Lincoln Drill Hall

Lincoln Drill Hall
Lincoln Drill Hall

Saturday, 29 February 2020

Cutting income tax - again

Sajid Javid has told how he would have cut income tax had he presented the forthcoming budget. Labour proclaimed in their manifesto that they would increase taxes for the rich.
Who is right?
Well, look around at our public services: hospital waiting times, schools closing early to save money, the disappearance of sure start, the number of people without homes, the growth in food banks...the list goes on.
The point is very simple, if we want public services we must pay for them. Mrs May was right, there is no magic money tree. However, JM Keynes was also right that governments can borrow to pay for infrastructure which in turn will provide income to workers who will spend and so increase economic activity and hence tax revenue. Wealth spread widely is like manure, it aids growth without killing the young plants.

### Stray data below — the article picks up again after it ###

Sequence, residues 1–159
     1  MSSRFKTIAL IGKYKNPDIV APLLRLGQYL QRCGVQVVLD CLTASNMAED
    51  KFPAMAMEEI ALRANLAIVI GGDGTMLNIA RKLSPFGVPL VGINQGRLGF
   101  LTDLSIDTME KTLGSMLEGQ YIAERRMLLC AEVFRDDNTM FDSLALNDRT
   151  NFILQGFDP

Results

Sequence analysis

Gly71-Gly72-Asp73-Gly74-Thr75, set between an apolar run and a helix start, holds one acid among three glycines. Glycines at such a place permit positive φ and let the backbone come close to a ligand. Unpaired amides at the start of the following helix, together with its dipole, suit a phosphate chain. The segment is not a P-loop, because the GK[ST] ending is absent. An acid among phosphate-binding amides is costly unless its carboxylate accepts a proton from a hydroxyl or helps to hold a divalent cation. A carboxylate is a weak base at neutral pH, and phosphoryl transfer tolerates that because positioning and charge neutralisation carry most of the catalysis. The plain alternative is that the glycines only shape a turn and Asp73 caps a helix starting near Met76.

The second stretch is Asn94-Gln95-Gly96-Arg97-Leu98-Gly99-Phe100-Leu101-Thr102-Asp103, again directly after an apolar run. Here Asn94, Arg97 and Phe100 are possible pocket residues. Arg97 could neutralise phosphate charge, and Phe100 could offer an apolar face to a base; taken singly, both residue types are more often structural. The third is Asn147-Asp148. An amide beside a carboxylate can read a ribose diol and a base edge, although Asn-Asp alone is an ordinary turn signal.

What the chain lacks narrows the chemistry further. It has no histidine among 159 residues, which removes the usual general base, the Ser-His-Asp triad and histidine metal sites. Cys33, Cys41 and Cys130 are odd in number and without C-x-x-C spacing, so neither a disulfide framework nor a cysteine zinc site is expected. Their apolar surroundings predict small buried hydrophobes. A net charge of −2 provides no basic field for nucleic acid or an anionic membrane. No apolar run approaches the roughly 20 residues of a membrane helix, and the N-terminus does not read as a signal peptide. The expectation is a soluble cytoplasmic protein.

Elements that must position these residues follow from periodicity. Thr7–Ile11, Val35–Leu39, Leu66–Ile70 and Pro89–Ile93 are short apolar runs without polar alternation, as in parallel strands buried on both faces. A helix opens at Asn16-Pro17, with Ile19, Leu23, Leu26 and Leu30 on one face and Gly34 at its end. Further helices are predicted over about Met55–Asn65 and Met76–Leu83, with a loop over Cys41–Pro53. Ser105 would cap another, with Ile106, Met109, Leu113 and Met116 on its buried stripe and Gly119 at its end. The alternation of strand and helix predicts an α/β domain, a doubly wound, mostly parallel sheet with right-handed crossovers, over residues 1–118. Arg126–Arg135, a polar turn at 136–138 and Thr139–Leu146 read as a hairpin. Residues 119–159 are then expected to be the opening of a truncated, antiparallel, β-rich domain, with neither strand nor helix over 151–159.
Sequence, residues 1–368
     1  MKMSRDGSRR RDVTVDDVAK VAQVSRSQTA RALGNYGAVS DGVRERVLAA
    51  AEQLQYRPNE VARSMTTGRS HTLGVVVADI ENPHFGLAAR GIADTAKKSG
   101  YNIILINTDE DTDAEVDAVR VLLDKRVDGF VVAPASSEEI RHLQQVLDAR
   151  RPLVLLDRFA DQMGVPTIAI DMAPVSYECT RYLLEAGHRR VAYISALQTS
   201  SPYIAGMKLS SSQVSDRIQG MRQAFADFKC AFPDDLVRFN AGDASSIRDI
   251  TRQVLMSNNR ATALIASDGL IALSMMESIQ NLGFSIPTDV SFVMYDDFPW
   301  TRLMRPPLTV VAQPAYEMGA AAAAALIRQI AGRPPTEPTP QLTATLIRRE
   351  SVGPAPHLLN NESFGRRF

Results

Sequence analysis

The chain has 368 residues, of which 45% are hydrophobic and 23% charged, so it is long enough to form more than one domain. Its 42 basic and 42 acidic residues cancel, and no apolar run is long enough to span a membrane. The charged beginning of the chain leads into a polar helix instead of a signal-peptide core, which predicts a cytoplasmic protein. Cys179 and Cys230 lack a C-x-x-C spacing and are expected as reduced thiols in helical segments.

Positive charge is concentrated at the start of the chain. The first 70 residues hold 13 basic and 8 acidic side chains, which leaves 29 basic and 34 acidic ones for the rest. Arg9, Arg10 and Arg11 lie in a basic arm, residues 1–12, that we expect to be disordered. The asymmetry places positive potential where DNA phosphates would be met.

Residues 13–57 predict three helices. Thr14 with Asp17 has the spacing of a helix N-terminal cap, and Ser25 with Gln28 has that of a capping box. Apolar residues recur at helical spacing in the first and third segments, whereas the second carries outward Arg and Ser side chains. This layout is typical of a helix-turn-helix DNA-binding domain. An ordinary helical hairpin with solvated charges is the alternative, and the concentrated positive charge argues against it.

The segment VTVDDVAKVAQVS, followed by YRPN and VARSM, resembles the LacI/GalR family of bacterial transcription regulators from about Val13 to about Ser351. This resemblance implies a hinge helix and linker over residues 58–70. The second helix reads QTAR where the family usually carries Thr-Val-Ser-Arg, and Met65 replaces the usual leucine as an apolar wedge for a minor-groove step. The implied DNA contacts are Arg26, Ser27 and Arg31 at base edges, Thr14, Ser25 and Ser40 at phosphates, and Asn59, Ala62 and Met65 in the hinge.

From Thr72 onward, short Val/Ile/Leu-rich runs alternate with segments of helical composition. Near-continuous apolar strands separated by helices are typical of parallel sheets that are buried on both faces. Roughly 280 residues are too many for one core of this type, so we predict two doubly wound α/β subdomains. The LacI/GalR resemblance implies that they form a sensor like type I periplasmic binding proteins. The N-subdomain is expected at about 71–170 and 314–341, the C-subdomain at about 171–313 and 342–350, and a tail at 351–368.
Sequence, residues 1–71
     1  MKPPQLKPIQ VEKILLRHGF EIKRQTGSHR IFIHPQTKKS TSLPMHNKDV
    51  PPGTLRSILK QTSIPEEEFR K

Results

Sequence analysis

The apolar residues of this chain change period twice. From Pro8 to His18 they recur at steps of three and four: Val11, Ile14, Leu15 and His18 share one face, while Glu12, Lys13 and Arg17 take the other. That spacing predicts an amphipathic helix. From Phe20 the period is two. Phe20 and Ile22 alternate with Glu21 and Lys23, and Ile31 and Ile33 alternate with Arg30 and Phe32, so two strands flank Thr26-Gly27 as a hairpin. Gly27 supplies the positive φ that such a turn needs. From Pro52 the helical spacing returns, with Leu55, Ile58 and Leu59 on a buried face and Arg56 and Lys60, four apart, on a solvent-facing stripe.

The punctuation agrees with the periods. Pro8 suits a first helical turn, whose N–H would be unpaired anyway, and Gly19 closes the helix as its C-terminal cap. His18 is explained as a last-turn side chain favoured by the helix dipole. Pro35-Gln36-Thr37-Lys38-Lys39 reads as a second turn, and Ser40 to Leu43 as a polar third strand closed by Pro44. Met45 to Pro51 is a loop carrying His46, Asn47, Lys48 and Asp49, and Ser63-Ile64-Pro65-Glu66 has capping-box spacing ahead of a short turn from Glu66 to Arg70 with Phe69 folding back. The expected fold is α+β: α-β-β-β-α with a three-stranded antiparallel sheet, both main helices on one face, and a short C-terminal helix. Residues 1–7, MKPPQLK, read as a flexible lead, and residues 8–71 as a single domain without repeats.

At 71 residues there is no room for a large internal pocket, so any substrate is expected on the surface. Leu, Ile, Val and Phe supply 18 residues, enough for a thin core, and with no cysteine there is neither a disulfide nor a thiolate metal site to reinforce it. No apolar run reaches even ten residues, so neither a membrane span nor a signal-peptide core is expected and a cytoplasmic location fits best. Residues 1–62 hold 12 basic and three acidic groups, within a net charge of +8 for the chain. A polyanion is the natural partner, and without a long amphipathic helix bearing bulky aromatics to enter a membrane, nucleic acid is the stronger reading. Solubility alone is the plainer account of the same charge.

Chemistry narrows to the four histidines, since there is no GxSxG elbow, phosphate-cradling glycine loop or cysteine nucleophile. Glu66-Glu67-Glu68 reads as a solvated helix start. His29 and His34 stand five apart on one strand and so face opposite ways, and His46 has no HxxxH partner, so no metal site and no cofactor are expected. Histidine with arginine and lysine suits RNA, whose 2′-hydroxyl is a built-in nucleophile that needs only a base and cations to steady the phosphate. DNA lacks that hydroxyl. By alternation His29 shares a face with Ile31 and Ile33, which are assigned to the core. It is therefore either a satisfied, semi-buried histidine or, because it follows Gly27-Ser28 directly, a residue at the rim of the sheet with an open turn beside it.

The choice of project is important. Green energy rather than a third Heathrow runway; better rail links in and to the north rather than HS2. Council houses, schools and hospitals, rather than roads.
The knock on from infrastructure spending alone will not cure the crisis in public services, but in the long term it would help. The answer is simple albeit unpopular, most of us need to pay more tax.
There are lessons from history. The UK led the world in the 19th century, but then had to meet the cost of two world wars massively increasing public debt. The banking crisis didn’t cost lives, but, by bailing out the banks, government debt increased as if there had been a war. UK Government responded with austerity; it could have borrowed to finance infrastructure as the US did under Obama. Will it now? Adair Turner, writing in 2015, still has much of the answer.

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